Can I get addicted to benzodiazepines and Ambien?
Benzodiazepines or benzos are habit forming and you can become addicted to them – even if you take them as your doctor or health care professional has prescribed. People who have a history of drug or alcohol abuse are more likely to develop an addiction to these drugs. If you use these drugs over a long period of time you can develop a tolerance for them. This means that you will need higher doses of the drug to treat your health condition or disease because you've become tolerant of the weaker formulations of the drug. These drugs may be very effective for the treatment of several conditions, for example, anxiety and insomnia; but be careful because you can become addicted to them.
The street names for benzodiazepine drugs are "Benzos" and "Downers." Drug addicts abuse these drugs to get "high." They can cause addiction similar to opioids (narcotic drugs like oxycodone, morphine, hydrocodone, and fentanyl), cannabinoids (marijuana), and the club drug GHB (gamma-hydroxybutyrate).
They are commonly abused by young adolescents and young adults who crush it up and snort it, or take the tablet to get high. If you abuse this medication you may have adverse effects with symptoms include:
- Disturbing or vivid dreams
Signs and symptoms that you might be addicted include:
- Problems sleeping
- Goose bumps
- Uncontrollable leg movements
- Bone and muscle pain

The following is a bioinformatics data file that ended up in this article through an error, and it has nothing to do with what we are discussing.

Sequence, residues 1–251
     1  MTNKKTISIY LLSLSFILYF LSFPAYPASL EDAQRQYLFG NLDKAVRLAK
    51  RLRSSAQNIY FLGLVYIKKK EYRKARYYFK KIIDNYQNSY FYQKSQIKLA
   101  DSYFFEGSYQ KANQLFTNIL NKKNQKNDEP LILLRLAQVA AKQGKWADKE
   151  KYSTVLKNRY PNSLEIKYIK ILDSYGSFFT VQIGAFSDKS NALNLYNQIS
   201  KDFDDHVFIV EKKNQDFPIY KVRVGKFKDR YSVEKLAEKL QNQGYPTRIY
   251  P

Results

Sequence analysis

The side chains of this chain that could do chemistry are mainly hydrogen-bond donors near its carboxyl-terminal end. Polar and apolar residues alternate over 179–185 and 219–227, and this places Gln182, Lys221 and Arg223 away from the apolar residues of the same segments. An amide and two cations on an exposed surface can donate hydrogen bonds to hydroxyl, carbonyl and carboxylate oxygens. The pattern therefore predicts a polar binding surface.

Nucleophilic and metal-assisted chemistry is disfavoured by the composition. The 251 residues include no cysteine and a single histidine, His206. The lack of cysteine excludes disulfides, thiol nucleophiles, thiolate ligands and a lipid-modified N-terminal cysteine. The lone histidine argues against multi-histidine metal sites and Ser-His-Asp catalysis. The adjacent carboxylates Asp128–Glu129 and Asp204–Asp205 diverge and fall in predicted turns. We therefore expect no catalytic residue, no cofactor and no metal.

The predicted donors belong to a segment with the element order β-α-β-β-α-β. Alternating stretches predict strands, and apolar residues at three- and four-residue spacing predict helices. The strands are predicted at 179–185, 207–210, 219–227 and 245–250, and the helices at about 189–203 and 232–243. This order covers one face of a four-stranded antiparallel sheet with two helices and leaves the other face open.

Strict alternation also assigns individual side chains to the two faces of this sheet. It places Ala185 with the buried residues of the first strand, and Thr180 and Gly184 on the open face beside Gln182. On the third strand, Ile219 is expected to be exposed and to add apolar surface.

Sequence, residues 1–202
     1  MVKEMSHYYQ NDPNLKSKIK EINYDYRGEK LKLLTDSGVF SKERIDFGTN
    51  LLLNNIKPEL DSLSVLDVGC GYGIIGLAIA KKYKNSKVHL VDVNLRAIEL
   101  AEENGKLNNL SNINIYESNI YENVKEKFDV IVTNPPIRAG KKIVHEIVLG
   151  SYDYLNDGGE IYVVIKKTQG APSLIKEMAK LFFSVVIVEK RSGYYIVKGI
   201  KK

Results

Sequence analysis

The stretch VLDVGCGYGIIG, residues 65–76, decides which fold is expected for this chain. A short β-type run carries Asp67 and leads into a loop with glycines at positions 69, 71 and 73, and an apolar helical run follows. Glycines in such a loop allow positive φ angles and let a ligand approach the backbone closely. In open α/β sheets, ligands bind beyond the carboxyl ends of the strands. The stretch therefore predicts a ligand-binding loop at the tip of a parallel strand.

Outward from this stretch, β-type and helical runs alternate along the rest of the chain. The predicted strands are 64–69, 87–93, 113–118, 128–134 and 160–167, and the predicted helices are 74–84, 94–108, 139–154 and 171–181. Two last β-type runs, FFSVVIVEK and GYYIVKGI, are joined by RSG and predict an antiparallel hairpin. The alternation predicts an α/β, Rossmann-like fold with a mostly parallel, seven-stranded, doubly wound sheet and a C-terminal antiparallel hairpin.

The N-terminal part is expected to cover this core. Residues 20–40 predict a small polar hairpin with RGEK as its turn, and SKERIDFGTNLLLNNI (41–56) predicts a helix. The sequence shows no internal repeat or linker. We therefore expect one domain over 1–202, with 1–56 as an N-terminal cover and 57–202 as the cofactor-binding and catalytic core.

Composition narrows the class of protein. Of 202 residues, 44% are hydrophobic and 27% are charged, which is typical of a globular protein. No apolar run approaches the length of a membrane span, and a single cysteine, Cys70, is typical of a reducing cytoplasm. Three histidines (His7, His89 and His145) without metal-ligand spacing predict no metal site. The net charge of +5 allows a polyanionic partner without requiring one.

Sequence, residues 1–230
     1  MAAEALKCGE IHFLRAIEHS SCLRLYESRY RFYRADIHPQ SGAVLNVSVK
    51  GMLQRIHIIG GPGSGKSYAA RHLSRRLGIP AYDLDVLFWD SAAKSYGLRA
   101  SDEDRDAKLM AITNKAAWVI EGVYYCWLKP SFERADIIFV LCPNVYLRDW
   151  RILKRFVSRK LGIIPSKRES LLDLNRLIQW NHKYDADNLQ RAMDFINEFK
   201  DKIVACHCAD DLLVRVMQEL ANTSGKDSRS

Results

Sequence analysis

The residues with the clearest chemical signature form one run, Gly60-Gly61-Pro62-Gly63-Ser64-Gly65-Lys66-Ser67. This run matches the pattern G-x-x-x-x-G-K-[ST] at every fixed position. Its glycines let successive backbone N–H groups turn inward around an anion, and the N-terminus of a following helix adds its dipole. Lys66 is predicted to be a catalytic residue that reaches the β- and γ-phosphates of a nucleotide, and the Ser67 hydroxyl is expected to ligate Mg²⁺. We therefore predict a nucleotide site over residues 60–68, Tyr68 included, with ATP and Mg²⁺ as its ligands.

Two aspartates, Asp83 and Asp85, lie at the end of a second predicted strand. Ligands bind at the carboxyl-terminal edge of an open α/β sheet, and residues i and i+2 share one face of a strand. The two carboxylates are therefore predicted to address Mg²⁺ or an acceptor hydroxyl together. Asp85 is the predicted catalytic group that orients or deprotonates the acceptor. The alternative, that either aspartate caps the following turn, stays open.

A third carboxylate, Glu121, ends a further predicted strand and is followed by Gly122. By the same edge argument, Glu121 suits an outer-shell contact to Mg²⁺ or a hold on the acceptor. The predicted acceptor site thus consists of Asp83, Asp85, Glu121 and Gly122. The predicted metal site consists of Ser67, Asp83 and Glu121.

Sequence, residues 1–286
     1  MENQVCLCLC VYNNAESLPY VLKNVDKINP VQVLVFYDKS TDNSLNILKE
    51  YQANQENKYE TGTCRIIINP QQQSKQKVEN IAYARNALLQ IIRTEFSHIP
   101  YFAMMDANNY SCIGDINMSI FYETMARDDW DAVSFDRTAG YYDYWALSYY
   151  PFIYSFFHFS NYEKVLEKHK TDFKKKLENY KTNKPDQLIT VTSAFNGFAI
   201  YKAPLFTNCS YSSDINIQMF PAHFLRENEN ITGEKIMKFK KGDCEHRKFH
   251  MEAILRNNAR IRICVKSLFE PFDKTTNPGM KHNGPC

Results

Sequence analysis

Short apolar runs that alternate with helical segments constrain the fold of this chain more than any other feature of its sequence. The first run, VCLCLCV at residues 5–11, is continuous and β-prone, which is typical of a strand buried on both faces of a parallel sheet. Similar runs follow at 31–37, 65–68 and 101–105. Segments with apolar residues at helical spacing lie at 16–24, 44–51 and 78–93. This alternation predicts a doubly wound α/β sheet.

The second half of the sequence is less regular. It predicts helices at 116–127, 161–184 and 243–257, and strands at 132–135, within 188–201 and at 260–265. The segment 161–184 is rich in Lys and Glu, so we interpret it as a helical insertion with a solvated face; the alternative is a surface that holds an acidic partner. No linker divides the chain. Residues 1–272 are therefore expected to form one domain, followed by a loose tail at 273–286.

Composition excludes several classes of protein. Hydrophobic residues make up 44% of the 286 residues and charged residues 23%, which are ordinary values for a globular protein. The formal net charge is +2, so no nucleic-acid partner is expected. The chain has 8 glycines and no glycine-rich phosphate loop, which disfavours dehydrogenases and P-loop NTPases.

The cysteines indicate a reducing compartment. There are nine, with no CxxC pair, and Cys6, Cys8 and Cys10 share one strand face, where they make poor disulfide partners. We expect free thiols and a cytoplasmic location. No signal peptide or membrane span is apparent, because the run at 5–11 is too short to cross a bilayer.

It is very difficult to recover from benzodiazepine addiction because these drugs change the chemistry of the brain. Contact a drug addiction treatment center if you or a loved one are suffering from a addiction. Quitting cold turkey is not likely to be successful and can be dangerous because of symptoms of withdrawal. Doctors and other health care professionals that treat addiction will formulate a taper schedule to slowly wean off the medication to reduce the severity of withdrawal symptoms during treatment.
Signs and symptoms of overdose include:
Benzodiazepine withdrawal symptoms and signs
If you stop taking these medications abruptly you may experience withdrawal symptoms that include:
- Problems concentrating
- Sleep problems
- Increased anxiety and tension
- Panic attacks
- Hand tremors
- Dry heaving and vomiting
- Muscle pain and stiffness
- A host of perceptual changes
The severity of the withdrawal symptoms depends on amount and duration of benzodiazepine use. Withdrawal symptoms can be deadly.
These medications are classified by the Drug Enforcement Administration (DEA) as Schedule IV drugs. This means that they have a lower potential and risk of dependence than other more powerful drugs like codeine, testosterone, anabolic steroids, Vicodin (hydrocodone and acetaminophen), OxyContin (oxycodone), Adderall (amphetamine and dextroamphetamine), and Ritalin (methylphenidate).
Zolpidem can cause withdrawal symptoms (muscle cramps, sweats, shaking, and seizures) when the drug is abruptly discontinued. Zolpidem can cause abnormal behavior with confusion, paradoxical insomnia or "complex sleep-related behaviors," which may include sleep-driving (driving with no memory of having done so). If these side effects occur, zolpidem should be discontinued.
What is the dosage of benzodiazepines and Ambien?
All oral benzodiazepines are available in tablet forms.